Edited by jjlash
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Unit Leader = Cubmaster, Scoutmaster, Coach, Advisor and Skipper - or their assistants.

 

Den and Assistant Den leaders are not Unit Leaders - they don't lead the unit, they lead a section of the unit.

 

Committee Members are not Unit Leaders - they don't lead the Unit - they provide support to the Unit.

 

Calico is right.  The EXACT term "Unit Leader" is used because BSA has multiple programs and they need a single term for the adult scout leader.  BSA documents such as advancement reports and merit badge cards refer to "Unit Leader".  It is used because advancement can be worked by scouts in a troop, team, crew or venturing.  So, there is no single term for the adult leader across all these types of units.  Boy Scout camps will often say "unit leader" as the camp has troops, crews, teams and venturing present.  

 

The "Unit leader" may choose to delegate some authority to their assistants, but that is their choice.  It is not automatic.  Assistants are NOT automatically the "unit leader" ... though it's usually not that big of a deal.  

 

"Unit Leader" is confusing because it is NOT the person at the top of the authority diagram.  The unit leader reports to the committee chair.  The CC reports to the charter org rep.  The COR reports to the charter org executive officer.  

Edited by fred johnson

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I don't quite understand, if everyone on there unit leadership??

 

Basically, I am trying to figure out if the COR can also be a Assistant DL, Assistant CM, and a Committee Member at the same time. The definition says he cannot be unit leadership or assistant unit leadership. Trying to figure out what that is.

The BSA Adult application says:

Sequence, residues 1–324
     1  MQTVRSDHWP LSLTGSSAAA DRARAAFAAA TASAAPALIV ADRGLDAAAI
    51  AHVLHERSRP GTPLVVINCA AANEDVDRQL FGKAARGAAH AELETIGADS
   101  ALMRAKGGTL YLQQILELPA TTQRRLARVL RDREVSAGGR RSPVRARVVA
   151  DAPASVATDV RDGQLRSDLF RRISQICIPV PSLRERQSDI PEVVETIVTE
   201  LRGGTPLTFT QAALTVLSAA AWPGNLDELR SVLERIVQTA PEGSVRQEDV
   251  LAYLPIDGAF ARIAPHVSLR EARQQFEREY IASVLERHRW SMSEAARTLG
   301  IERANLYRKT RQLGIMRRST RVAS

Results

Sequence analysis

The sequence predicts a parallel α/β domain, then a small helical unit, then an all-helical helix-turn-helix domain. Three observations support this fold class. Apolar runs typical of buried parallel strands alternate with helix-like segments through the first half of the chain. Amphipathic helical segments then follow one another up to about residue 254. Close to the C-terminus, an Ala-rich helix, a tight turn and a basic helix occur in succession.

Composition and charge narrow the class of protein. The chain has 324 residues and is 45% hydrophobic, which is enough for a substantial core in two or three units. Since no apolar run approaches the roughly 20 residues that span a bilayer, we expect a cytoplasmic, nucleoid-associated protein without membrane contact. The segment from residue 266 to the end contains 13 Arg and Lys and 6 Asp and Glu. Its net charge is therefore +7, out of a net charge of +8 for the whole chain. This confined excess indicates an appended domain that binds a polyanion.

No one may register in more than one position in the same unit, except the chartered organization representative (CR) (who can multiple only as the committee chairman (CC) or a committee member (MC)), and the parent coordinator (PC), who may multiple as chartered organization representative.

 

http://www.scouting.org/filestore/pdf/524-501.pdf

 

I mistakenly marked jjlash down. He is right in the further clarification of the question. The idea is that unit leaders (those that work with scouts) are not also overseeing the program. That is why you want committee members, the CC and the COR to not be allocated to work with the scouts. The idea is they are helping improve the program and fix issues. But that is hard to do if they are in the trenches working with the scouts.

 

In reality, the lines get crossed all the time.  Put the person in their position that best matches their role.  Then support them in fulfilling that role.  If they do more, great.  Just make sure their assigned role is well covered.  

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""The Work Is Done By Whoever Shows Up.""

 

BSA is well known  in it's ability to ignore it's own guidelines if it means the Unit is up and chartered.   "Some ink on every line"  is the mantra I am told to repeat in times of chartering.   

It is certainly advisable and desirable to have Active  leadership  listed , rather than merely space holders on the applications.   Who approves?  Who is willing?   I have known folks to come to me and say, "I never said I'd do that."  when it is discovered that their name is in a slot.   

 

What is desired, as has been noted, is that the Uniformed, Youth overseeing positions should not also be the "civilian"  overseeing positions.  But then too,   we all tend to have more than one hat hung on the Scout closet door rack, don't we? 

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Maybe because they do not have to fill out an application for their position, but the IH can also in a second, or these two other specific positions: COR and CC or MC.

 

I believe Scoutparent is no longer allowed.

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I expect the military model is a little at play here as well.

 

Since technically the COR can remove any other adult leader in the unit at an time for any reason (or no reason), it makes it difficult for a CM/SM to have a COR who is also an ACM/ASM because then technically your assistant is your boss - not a good work dynamic.